Sea apples' waving appendages can look delicious to predatory fish, so the echinoderms minimize the risk of attracting unwanted attention by doing most of their feeding at night. When those tentacles aren’t in use, they’re retracted into the body.


The rows of yellow protuberances running along the sides of this specimen are its feet. They allow sea apples to latch onto rocks and other hard surfaces while feeding. And if one of these feet gets severed, it can grow back.


Sea apples are poisonous, but a few marine freeloaders capitalize on this very quality. Some small fish have evolved to live inside the invertebrates' digestive tracts, mooching off the sea apples' meals and using their bodies for shelter. In a gross twist of evolution, fish gain entry through the back door, an orifice called the cloaca. In addition expelling waste, the cloaca absorbs fresh oxygen, meaning that sea apples/cucumbers essentially breathe through their anuses.


Most full-grown adult sea apples are around 3 to 8 inches long, but they can make themselves look twice as big if they need to escape a threat. By pulling extra water into their bodies, some can grow to the size of a volleyball, according to Advanced Aquarist. After puffing up, they can float on the current and away from danger. Some aquarists might mistake the robust display as a sign of optimum health, but it's usually a reaction to stress.


Sea apples use their vibrant appearance to broadcast that they’re packing a dangerous toxin. But to really scare off predators, they puke up some of their own innards. When an attacker gets too close, sea apples can expel various organs through their orifices, and some simultaneously unleash a cloud of the poison holothurin. In an aquarium, the holothurin doesn’t disperse as widely as it would in the sea, and it's been known to wipe out entire fish tanks.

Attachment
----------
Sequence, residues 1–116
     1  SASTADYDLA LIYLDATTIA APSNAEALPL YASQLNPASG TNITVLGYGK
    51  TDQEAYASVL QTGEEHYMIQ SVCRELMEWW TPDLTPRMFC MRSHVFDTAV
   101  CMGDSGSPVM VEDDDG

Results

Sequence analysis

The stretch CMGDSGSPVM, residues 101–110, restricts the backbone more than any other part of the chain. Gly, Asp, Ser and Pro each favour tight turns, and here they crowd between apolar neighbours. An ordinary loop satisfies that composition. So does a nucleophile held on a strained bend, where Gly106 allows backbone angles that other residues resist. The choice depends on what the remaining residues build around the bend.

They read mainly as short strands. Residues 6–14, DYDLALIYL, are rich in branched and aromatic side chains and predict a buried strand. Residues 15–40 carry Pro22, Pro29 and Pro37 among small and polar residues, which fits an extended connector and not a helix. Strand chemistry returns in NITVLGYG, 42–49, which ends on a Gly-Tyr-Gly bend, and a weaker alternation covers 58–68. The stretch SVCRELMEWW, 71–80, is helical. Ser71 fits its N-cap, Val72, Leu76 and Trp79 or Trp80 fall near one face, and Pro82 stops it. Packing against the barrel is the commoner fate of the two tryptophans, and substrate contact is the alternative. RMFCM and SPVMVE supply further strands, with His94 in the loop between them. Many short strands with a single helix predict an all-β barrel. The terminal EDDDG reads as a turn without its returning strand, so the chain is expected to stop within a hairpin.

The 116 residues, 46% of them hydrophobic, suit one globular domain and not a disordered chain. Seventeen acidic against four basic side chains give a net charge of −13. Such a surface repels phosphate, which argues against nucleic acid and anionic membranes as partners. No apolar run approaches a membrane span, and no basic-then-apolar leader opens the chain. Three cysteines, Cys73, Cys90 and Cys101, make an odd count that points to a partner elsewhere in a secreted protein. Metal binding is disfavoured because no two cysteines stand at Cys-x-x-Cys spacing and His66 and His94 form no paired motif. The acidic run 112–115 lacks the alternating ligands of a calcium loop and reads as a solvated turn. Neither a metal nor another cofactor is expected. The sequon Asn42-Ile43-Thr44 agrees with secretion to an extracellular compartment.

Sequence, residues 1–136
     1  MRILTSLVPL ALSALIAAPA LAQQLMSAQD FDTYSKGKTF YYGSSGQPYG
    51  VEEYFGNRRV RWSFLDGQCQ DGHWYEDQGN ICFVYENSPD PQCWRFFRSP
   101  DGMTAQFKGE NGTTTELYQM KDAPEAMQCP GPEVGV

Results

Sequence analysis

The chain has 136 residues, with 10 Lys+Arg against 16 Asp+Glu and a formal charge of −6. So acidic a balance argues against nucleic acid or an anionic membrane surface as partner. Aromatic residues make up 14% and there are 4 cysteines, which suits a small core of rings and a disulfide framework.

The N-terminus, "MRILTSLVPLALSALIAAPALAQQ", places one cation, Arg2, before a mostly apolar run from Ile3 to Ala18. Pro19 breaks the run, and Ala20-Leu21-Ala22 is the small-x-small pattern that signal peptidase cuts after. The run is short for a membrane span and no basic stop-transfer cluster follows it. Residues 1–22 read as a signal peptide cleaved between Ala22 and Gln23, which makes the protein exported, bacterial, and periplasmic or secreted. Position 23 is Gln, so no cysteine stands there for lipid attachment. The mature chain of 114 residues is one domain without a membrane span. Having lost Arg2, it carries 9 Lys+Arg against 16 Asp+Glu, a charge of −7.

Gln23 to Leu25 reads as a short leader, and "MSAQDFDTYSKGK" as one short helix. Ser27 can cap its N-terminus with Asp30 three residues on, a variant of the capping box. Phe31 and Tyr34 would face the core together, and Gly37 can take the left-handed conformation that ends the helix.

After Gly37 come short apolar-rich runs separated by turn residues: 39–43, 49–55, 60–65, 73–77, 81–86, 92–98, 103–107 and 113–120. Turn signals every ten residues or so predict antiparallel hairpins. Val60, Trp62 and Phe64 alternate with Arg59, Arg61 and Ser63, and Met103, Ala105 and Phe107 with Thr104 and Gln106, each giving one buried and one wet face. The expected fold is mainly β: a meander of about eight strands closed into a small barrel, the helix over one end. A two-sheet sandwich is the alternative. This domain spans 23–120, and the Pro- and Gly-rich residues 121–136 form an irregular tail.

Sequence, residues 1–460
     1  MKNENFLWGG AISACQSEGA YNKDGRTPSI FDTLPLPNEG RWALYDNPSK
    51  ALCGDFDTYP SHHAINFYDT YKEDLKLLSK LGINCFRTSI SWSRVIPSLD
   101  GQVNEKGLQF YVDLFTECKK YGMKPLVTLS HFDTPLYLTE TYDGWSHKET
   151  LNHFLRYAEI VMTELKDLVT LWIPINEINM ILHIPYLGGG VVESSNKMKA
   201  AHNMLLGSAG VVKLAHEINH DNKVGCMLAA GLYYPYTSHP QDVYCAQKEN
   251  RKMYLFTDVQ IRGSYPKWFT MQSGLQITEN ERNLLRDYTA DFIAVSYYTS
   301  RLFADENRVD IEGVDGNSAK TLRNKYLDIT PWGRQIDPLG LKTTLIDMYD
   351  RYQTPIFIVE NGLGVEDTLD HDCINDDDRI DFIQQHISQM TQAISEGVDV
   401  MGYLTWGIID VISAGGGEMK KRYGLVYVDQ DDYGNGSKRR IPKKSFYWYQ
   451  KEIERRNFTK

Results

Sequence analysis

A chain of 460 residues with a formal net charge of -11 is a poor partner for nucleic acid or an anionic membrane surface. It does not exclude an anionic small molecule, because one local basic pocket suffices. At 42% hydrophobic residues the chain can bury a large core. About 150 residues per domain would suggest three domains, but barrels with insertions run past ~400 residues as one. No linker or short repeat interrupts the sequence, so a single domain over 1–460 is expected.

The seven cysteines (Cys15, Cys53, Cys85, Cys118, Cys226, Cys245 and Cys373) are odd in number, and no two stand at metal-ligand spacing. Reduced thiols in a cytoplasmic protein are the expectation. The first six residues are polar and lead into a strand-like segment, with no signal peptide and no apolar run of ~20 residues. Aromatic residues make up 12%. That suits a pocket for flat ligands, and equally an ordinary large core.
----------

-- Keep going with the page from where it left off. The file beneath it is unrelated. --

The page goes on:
These invertebrates reproduce sexually; females release eggs that are later fertilized by clouds of sperm emitted by the males. As many saltwater aquarium keepers know all too well, sea apple eggs are not suitable fish snacks—because they’re poisonous. Scientists have observed that, in Pseudocolochirus violaceus at least, the eggs develop into small, barrel-shaped larvae within two weeks of fertilization.


Syzgium grande is a coastal tree native to Southeast Asia whose informal name is "sea apple." When fully grown, they can stand more than 140 feet tall. Once a year, it produces attractive clusters of fuzzy white flowers and round green fruits, perhaps prompting its comparison to an apple tree.